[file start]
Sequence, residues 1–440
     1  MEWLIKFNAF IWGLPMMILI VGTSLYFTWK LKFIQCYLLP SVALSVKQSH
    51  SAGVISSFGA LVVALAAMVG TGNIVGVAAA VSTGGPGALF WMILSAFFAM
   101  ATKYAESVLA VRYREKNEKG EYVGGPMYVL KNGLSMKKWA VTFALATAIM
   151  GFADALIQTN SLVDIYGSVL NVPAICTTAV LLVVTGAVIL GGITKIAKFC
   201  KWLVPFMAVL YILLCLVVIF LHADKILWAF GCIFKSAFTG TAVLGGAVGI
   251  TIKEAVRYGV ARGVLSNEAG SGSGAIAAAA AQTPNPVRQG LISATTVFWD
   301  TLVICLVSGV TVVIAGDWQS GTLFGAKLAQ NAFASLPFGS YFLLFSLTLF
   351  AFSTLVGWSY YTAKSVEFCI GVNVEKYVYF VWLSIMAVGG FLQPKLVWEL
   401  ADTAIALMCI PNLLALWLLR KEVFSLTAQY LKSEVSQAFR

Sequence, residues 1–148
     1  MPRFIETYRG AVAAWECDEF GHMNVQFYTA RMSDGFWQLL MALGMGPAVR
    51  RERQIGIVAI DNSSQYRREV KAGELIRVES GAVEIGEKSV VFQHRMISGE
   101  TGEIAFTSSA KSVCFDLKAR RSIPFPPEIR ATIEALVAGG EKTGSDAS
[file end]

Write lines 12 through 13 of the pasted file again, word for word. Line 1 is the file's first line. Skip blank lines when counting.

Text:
     1  MPRFIETYRG AVAAWECDEF GHMNVQFYTA RMSDGFWQLL MALGMGPAVR
    51  RERQIGIVAI DNSSQYRREV KAGELIRVES GAVEIGEKSV VFQHRMISGE